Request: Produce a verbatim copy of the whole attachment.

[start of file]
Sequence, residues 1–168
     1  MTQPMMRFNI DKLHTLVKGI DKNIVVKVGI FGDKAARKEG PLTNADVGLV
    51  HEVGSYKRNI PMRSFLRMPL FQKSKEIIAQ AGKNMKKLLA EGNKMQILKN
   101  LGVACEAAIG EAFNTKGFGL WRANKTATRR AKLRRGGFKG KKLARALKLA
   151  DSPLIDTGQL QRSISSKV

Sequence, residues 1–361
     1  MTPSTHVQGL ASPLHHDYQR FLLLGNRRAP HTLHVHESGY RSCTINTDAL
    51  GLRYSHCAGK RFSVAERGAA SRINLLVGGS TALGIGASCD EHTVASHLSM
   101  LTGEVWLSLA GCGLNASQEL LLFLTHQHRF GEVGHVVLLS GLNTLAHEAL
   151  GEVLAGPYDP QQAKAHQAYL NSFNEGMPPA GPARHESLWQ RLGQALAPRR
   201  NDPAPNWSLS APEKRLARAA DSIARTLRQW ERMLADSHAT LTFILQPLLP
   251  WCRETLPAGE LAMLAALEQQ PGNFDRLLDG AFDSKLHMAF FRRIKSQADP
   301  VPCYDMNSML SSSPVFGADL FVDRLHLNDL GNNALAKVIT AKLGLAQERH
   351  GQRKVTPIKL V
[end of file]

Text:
Sequence, residues 1–168
     1  MTQPMMRFNI DKLHTLVKGI DKNIVVKVGI FGDKAARKEG PLTNADVGLV
    51  HEVGSYKRNI PMRSFLRMPL FQKSKEIIAQ AGKNMKKLLA EGNKMQILKN
   101  LGVACEAAIG EAFNTKGFGL WRANKTATRR AKLRRGGFKG KKLARALKLA
   151  DSPLIDTGQL QRSISSKV

Sequence, residues 1–361
     1  MTPSTHVQGL ASPLHHDYQR FLLLGNRRAP HTLHVHESGY RSCTINTDAL
    51  GLRYSHCAGK RFSVAERGAA SRINLLVGGS TALGIGASCD EHTVASHLSM
   101  LTGEVWLSLA GCGLNASQEL LLFLTHQHRF GEVGHVVLLS GLNTLAHEAL
   151  GEVLAGPYDP QQAKAHQAYL NSFNEGMPPA GPARHESLWQ RLGQALAPRR
   201  NDPAPNWSLS APEKRLARAA DSIARTLRQW ERMLADSHAT LTFILQPLLP
   251  WCRETLPAGE LAMLAALEQQ PGNFDRLLDG AFDSKLHMAF FRRIKSQADP
   301  VPCYDMNSML SSSPVFGADL FVDRLHLNDL GNNALAKVIT AKLGLAQERH
   351  GQRKVTPIKL V